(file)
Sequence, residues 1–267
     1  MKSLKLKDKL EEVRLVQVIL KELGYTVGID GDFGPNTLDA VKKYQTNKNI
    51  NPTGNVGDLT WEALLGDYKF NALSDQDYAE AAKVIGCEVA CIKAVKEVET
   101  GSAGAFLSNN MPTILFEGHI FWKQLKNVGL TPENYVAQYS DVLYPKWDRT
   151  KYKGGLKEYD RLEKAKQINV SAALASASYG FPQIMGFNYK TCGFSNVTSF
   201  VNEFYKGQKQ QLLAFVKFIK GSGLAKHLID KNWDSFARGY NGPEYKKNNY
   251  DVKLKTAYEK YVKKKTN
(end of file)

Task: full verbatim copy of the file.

Sequence, residues 1–267
     1  MKSLKLKDKL EEVRLVQVIL KELGYTVGID GDFGPNTLDA VKKYQTNKNI
    51  NPTGNVGDLT WEALLGDYKF NALSDQDYAE AAKVIGCEVA CIKAVKEVET
   101  GSAGAFLSNN MPTILFEGHI FWKQLKNVGL TPENYVAQYS DVLYPKWDRT
   151  KYKGGLKEYD RLEKAKQINV SAALASASYG FPQIMGFNYK TCGFSNVTSF
   201  VNEFYKGQKQ QLLAFVKFIK GSGLAKHLID KNWDSFARGY NGPEYKKNNY
   251  DVKLKTAYEK YVKKKTN